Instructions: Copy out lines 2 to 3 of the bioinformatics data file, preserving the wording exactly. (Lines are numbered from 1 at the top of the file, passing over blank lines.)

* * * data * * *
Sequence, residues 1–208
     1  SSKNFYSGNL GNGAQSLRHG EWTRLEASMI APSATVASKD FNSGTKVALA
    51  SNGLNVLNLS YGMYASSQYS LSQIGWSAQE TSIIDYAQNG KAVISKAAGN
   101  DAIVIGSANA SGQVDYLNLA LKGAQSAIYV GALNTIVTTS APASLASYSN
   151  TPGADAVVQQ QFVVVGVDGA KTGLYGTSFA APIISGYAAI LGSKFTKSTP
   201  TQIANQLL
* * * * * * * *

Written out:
     1  SSKNFYSGNL GNGAQSLRHG EWTRLEASMI APSATVASKD FNSGTKVALA
    51  SNGLNVLNLS YGMYASSQYS LSQIGWSAQE TSIIDYAQNG KAVISKAAGN